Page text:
I went to the ROM today and was mesmerized by the bee colony. The kind gentlemen who works there spent probably twenty minutes explaining the inner workings of the colony, and how everything works synchronously, with all the bees doing their own part without being told what to do (don’t you wish humans were like that?!). It seems as though it’s by magic that everyone knows their roles, without being told, bribed, or without any hope of reward. Basically the queen bee runs the show, the worker bees know exactly what to do in their respective roles, and the drones are only needed to fertilize the queens. The feminist part of me loves this – impregnate me and get out of my way. Ha! The drones die soon after mating, or else they are ejected by the worker bees once the food runs out.
I listened with fascination as he told me how some bees may return to the colony drunk off the pollen. These drunk bees are killed because they are useless and can’t work. Bees get bloated with the honey and pollen and when they return to the colony, they regurgitate it to release it and put it into the cells. There are undertaker bees that carry away the dead bees and dispose of them far from the hive (so that animals are not alerted to the presence of the hive). Everyone has their role, their duty, and nothing is out of place. Everything is exactly as it should be.
So fitting because it is similar to what was discussed in my Myth & Meaning class this morning. The teacher is Raj Balkaran who is a gifted storyteller and scholar in comparative mythology. He talked about Carl Jung and Joseph Campbell and the Hero’s Journey. All of us are on a hero’s journey. A part that struck me was when he described his conversation with his friend who was experiencing deep grief, and he said to him “think of when King Dashartha had to part with Rama when he went into the forest for 14 years” and his friend was able to see that his grief was not unique, it was a shared human experience.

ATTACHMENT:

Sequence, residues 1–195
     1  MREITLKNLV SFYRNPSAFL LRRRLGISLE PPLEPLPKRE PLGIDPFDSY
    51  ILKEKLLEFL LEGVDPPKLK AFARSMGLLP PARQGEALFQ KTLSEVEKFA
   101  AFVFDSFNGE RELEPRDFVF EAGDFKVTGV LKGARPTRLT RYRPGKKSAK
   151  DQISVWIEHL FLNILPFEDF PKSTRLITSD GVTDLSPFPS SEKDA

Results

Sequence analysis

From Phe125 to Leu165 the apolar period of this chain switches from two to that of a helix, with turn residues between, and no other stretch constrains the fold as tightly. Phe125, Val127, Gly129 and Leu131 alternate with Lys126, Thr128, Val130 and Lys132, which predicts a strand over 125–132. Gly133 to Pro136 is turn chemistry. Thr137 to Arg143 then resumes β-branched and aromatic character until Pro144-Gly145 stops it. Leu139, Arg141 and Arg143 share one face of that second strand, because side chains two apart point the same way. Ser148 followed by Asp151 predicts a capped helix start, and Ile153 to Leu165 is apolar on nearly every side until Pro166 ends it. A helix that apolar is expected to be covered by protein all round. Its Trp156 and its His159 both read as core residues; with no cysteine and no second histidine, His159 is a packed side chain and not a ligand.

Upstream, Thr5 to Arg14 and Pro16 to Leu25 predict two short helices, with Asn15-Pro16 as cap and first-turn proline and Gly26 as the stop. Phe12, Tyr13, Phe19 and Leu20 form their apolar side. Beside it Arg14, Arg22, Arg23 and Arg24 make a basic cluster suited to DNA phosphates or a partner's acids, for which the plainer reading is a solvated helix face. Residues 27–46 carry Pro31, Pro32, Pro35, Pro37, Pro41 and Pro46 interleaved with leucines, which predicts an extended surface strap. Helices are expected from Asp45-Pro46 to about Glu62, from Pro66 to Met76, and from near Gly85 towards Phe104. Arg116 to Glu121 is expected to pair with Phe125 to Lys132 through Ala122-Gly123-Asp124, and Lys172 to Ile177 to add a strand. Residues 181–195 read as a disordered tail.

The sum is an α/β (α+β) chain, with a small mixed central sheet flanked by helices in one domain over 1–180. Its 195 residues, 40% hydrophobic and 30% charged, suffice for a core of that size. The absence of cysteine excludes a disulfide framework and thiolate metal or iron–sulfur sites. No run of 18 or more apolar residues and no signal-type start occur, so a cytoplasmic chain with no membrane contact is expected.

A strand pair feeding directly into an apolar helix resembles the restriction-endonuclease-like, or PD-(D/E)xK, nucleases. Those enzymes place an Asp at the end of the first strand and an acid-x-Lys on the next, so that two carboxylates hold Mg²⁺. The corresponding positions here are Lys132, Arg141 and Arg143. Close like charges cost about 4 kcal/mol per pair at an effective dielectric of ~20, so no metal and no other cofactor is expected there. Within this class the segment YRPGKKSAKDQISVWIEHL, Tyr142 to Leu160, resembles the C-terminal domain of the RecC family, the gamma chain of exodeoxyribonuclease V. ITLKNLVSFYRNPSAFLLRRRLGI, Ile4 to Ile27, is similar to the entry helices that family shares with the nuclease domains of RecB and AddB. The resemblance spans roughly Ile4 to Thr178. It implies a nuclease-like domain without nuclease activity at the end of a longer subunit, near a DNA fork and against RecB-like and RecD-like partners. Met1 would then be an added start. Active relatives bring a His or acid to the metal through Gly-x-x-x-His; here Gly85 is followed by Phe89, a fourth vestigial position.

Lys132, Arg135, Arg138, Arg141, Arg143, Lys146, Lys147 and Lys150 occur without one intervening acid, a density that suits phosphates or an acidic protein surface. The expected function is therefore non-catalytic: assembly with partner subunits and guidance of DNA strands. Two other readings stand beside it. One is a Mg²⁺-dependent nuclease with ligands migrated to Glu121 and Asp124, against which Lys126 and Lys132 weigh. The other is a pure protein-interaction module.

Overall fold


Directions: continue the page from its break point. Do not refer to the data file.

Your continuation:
The power of narratives and stories is that it sheds light onto human experience, which has lost perspective in the age of reason, where everything is logical and not valued unless scientifically proven. He talked about a subtle reality that exists, where energies align and events occur that appear like coincidences but are actually examples of this synchronicity at work. I’ve experienced this myself quite profoundly over the last 3 years, with the number 69 appearing over and over (God only knows why that is my number!), suddenly tuning into the time at 11:11 over and over, and having thoughts that lead to my questions being answered, or running into the person I was thinking about, or something or someone coming into my life that addresses my very thought or intention.
At the Eastern civilization exhibit, I came across a beautiful picture of a dancing gopi. Gopis are the dancing cowgirls who were all in love with Krishna, and would leap out of their beds and leave whatever they were doing when they heard the enchanting sound of Krishna’s flute. Gopis were in a state of constant ecstacy, because of their complete surrender to Krishna and abandonment of their self-consciousness and wordly obligations. There is nothing that could stand in the way between them and their beloved. Gopis are revered because they exhibit the purest love that only complete devotion can yield. Radha was Krishna’s favourite gopi, and the two of them enjoyed many ‘loving pasttimes’ together (aka sex).
Then I went to visit the dinosaurs. I feel like a little kid in this exhibit, because I cannot believe that there was a time when dinosaurs roamed the earth!!!
Overall an amazing day! I wish I could spend every day at the ROM!